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Canadian Rules to Follow While Operating a UAV / Drone

Aerial cinematography is the process of capturing footage from the air, using some form of aircraft. Filming from the air allows for some beautiful shots. This can be useful for real estate videos, capturing a full location like a golf course, cottage property or summer camp, vehicle tracking, and establishing shots. (For example, if you want an audience to know your scene takes place in downtown Toronto, you start with footage of the city - making sure to capture identifying buildings like the CN Tower.)


Check out some examples of the beautiful aerial cinematography 5Gear Studios has done:


Traditionally camera crews would use a helicopter for aerial cinematography, but drones have become a popular alternative for capturing aerial footage. Although they are remote-operated and much smaller, there are still legal requirements when flying a drone. When operating a drone in Canada, you must follow the rules outlined in the Remotely Piloted Aircraft Systems section of the Canadian Aviation Regulations (CARs). https://tc.canada.ca/en/corporate-services/acts-regulations/list-regulations/canadian-aviation-regulations-sor-96-433


If you’re planning to operate a drone in Canada, be sure to thoroughly read through your legal requirements, but here are some key rules to follow:


Drone Pilot Certificate

A drone pilot certificate is issued by Transport Canada and can be a printed or electronic document. The operator of the drone (the pilot) must carry their valid drone pilot certificate at all times while operating the drone. If the certificate is not issued by Transport Canada, it will not be accepted. There are two primary types of Drone/UAV operations in Canada: Basic and Advanced.


Basic operations

If you meet all 5 of these conditions, you're conducting basic operations:

  • You fly it in uncontrolled airspace

  • You fly it more than 30 metres (100 feet) horizontally from bystanders

  • You never fly it over bystanders

  • You fly it more than 3 nautical miles from a certified airport or a military aerodrome

  • You fly it more than 1 nautical mile from a certified heliport

If you do not meet any 1 of these 5 conditions, you are conducting advanced operations.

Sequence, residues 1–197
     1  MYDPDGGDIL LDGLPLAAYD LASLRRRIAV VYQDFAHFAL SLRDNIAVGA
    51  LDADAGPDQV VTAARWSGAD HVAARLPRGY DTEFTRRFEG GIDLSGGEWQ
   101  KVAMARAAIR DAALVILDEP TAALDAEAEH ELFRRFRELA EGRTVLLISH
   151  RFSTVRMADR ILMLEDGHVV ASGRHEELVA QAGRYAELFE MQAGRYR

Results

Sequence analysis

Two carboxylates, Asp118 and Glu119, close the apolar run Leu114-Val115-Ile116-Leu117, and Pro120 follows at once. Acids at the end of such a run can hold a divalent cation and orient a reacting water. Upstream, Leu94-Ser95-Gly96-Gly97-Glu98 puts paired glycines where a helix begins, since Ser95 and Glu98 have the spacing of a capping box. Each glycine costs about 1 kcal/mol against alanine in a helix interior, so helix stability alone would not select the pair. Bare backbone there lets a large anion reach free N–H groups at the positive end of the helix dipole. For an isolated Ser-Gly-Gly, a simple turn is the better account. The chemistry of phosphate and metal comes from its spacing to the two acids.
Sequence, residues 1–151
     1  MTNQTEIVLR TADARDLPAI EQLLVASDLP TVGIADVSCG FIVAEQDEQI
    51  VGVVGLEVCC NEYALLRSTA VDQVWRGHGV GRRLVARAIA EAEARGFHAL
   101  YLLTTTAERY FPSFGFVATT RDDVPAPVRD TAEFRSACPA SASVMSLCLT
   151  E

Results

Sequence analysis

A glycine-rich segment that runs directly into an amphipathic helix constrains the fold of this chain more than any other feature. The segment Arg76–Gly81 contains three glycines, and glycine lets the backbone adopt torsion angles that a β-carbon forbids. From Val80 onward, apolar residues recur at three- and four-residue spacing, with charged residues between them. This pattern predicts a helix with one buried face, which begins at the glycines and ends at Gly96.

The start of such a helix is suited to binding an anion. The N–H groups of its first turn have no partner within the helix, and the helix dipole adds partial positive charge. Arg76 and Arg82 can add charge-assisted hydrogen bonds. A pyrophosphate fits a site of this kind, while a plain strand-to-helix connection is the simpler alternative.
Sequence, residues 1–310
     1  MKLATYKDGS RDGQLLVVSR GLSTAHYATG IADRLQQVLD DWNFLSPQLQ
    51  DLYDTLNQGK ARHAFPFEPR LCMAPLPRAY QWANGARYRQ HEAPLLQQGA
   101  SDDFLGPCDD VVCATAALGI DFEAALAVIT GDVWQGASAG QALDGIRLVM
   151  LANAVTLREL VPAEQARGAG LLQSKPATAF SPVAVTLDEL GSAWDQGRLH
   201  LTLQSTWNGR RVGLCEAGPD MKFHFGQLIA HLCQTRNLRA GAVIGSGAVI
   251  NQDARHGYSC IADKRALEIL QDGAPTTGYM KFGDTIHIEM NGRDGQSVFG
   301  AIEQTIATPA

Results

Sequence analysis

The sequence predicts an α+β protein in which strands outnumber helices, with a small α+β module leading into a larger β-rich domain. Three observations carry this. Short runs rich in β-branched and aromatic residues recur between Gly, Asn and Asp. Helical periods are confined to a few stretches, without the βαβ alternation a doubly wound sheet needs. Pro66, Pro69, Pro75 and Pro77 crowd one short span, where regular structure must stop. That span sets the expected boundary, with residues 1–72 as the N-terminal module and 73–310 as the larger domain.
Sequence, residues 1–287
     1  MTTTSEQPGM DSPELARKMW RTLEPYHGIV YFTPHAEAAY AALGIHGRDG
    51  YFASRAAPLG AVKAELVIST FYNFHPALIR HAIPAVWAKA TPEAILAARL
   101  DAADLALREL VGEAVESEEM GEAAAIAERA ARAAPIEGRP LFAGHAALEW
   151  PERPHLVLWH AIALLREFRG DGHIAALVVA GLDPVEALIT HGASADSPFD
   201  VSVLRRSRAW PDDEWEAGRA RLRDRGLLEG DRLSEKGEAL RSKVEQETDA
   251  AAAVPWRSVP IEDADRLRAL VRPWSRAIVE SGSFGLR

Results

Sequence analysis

For example, let’s say you fly your drone more than 30 metres (100 feet) horizontally from bystanders but in controlled airspace. This operation is advanced because you’re flying in controlled airspace even if you’re more than 30 metres (100 feet) horizontally from bystanders.

For basic operations, here are some of the rules you must follow:

  • Register your drone with Transport Canada before you fly it for the first time

  • Mark your drone with its registration number

  • Pass the Small Basic Exam

  • Be able to show your Pilot Certificate – Basic Operations and proof of registration when you fly

Advanced operations

If you meet any 1 of these conditions, you are conducting advanced operations:

  • You want to fly in controlled airspace

  • You want to fly over bystanders

  • You want to fly within 30 metres (100 feet) of bystanders (measured horizontally)

  • You want to fly less than 3 nautical miles from a certified airport or a military aerodrome

  • You want to fly less than 1 nautical mile from a certified heliport

For advanced operations, here are some of the rules you must follow:

  • Register your drone with Transport Canada before you fly it for the first time

  • Mark your drone with its registration number

  • Have a drone with the appropriate Safety declaration for the intended operation

  • Pass the Small Advanced Exam

  • Pass a flight review with a flight reviewer

  • Be able to show your Pilot Certificate – Advanced Operations and proof of registration when you fly your drone

  • Seek permission from air traffic control (NAV CANADA or the Department of National Defence) to fly in controlled airspace (request an RPAS Flight Authorization from NAV CANADA)

  • Fly within the operational limits of your drone

You can only use drones that meet the safety requirements for the operation you want to conduct. See tips on choosing the right drone before you fly.

If you have a Pilot Certificate – Advanced Operations, you do not need a Pilot Certificate – Basic Operations to conduct basic operations.


Two other types of operations are Micro Drones (under 250g) and Drones that weigh more than 25 kg.